Rehabilitation Q & A
What is rehabilitation?
Rehabilitation is the process treating an individual in order to achieve the highest level of function, independence, and quality of life possible after accident, injury, or illness. Rehabilitation cannot reverse or undo any damage caused by disease or trauma, but it will help to restore the individual to optimal health, functioning, and well-being.
What’s involved in a rehabilitation program?
Each rehabilitation program will differ as they are designed to treat each person's specific needs. Some general treatment components for rehabilitation programs include the following:
- Treating the basic disease and preventing complications
- Treating the disability and improving function
- Providing adaptive tools and altering the environment
- Teaching the patient and family and helping them adapt to lifestyle changes
The success of rehabilitation depends on many variables, including the following:
- The nature and severity of the disease, disorder, or injury
- The type and degree of any resulting impairments and disabilities
- The overall health of the patient
- Family support
What is the physician’s role in rehabilitation treatment?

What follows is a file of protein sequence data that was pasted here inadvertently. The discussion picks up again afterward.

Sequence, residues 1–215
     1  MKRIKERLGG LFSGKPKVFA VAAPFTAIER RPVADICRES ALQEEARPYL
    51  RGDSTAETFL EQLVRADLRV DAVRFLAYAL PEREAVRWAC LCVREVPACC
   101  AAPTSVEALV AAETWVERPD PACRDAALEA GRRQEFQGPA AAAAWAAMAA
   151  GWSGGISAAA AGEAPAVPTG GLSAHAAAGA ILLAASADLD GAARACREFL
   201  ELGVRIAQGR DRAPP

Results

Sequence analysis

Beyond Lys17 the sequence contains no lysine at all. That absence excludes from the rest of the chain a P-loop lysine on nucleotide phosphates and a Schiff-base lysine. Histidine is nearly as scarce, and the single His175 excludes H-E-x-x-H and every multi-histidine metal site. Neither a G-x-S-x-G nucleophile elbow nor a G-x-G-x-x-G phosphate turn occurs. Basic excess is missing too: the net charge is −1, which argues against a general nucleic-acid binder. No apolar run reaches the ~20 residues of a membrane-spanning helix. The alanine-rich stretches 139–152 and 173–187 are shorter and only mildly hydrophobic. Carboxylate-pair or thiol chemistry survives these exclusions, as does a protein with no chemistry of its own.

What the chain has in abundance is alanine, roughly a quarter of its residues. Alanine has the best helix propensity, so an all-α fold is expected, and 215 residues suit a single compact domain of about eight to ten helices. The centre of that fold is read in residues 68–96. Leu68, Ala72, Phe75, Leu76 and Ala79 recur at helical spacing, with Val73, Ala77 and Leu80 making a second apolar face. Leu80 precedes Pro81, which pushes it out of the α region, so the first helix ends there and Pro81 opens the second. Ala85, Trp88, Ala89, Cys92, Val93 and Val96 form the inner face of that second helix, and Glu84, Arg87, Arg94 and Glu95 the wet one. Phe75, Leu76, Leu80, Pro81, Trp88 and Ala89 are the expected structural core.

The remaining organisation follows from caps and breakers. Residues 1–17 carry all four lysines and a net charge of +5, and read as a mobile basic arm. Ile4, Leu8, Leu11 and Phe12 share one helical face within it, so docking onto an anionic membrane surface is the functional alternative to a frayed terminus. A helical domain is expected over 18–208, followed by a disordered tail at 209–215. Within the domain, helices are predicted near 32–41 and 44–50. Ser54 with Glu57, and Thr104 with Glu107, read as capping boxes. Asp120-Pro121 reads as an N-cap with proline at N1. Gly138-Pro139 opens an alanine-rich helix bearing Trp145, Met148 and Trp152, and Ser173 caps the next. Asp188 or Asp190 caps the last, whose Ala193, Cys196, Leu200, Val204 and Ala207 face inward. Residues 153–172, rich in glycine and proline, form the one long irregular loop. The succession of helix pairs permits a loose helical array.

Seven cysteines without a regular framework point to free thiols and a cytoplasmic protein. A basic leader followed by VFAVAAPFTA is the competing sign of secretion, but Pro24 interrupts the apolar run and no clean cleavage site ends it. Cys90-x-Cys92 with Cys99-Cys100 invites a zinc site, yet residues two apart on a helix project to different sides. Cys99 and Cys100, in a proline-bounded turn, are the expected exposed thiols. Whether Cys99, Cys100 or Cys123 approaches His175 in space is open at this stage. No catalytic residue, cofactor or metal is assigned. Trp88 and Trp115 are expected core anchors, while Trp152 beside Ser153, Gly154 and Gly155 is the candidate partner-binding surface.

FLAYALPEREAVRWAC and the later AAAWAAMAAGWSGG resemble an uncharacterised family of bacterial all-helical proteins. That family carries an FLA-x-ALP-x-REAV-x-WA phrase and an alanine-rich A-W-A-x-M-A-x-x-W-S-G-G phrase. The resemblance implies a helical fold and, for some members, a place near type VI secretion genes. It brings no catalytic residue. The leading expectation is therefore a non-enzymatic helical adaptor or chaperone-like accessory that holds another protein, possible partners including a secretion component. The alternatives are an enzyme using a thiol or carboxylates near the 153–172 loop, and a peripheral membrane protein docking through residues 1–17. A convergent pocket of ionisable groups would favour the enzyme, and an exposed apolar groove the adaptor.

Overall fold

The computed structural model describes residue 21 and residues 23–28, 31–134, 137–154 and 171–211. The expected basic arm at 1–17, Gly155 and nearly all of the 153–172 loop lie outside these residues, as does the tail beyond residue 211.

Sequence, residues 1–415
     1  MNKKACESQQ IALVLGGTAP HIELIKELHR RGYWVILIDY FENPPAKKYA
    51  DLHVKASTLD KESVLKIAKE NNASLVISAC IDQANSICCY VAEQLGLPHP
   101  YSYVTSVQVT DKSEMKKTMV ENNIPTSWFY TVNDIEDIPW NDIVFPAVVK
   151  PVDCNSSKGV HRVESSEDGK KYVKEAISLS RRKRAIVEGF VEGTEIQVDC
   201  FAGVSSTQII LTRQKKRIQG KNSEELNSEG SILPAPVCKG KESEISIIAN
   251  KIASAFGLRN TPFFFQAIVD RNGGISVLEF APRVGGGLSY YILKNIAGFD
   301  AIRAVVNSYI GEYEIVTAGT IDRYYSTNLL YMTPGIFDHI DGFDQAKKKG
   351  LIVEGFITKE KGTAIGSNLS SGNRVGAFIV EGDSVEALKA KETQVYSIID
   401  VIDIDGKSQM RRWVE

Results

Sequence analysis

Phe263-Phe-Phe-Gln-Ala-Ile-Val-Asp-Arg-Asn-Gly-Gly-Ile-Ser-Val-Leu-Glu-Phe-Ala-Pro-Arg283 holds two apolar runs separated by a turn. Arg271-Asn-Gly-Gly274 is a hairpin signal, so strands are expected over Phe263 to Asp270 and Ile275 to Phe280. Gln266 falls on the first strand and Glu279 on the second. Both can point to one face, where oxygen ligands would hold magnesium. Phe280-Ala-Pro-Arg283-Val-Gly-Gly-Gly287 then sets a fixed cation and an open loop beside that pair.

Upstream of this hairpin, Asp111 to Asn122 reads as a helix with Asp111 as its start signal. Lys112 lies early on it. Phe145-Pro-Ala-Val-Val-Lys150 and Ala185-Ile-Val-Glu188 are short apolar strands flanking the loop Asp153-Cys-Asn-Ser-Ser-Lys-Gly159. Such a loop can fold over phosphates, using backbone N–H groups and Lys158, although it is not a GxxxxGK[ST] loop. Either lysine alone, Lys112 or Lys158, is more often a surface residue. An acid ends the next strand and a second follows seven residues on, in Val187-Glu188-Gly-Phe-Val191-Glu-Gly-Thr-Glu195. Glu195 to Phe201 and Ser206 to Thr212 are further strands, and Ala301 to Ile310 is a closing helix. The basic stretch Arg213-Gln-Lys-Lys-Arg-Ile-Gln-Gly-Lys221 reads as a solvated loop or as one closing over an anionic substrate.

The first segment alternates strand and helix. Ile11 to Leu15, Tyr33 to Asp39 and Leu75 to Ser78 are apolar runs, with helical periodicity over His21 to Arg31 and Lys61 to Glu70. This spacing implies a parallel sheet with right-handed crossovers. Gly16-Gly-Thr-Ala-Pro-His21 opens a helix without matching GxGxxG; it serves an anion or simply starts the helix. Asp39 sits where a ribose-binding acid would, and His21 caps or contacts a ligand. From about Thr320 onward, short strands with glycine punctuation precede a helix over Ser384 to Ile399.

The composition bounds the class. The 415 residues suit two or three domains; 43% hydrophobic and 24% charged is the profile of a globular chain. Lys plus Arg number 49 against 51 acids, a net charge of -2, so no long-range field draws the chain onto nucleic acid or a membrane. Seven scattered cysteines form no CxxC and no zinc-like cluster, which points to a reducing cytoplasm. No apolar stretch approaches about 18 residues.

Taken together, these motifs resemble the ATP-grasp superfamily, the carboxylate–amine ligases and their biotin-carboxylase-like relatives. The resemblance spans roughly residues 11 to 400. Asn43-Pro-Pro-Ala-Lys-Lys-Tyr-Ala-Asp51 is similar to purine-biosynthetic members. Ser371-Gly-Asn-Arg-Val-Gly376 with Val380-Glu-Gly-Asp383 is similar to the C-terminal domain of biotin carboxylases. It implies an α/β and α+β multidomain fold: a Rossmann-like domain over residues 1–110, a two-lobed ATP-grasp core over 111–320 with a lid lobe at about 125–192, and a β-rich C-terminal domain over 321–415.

Once a diagnosis is made, Dr. K will design a treatment plan to improve function and movement. The program itself can be carried out by the patient alone or with the help of the medical team. The team is different for each patient depending on their needs, and it is not uncommon for the team to change during treatment to match the patient's shifting needs. By providing an appropriate treatment plan, Dr. K helps patients stay as active as possible at any age. His broad medical expertise allows him to treat disabling conditions throughout a person’s lifetime.
Why visit a chiropractor for rehabilitation?
Chiropractors are educated in a wide range of physical medicine and rehabilitation efforts to treat a wide variety of medical conditions that may affect the brain, spinal cord, nerves, bones, joints, ligaments, muscles, and tendons. By taking the whole body into account, they are able to accurately pinpoint problems and enhance performance without surgery.
Consider rehabilitation if:
- You had an accident or you have an injury or chronic condition that has left you with pain or limited function
- You’re contemplating or recovering from surgery
- You have an illness or treatment for an illness that has diminished your energy or ability to move easily
- You’re recovering from the effects of a stroke or other problems related to nerve damage
- You have chronic pain from arthritis, a repetitive stress injury, or back problems
- Excess weight makes it difficult to exercise or has caused health problems
- You think you’re too old to exercise
- Life changes such as childbirth or menopause have created new challenges to your physical function.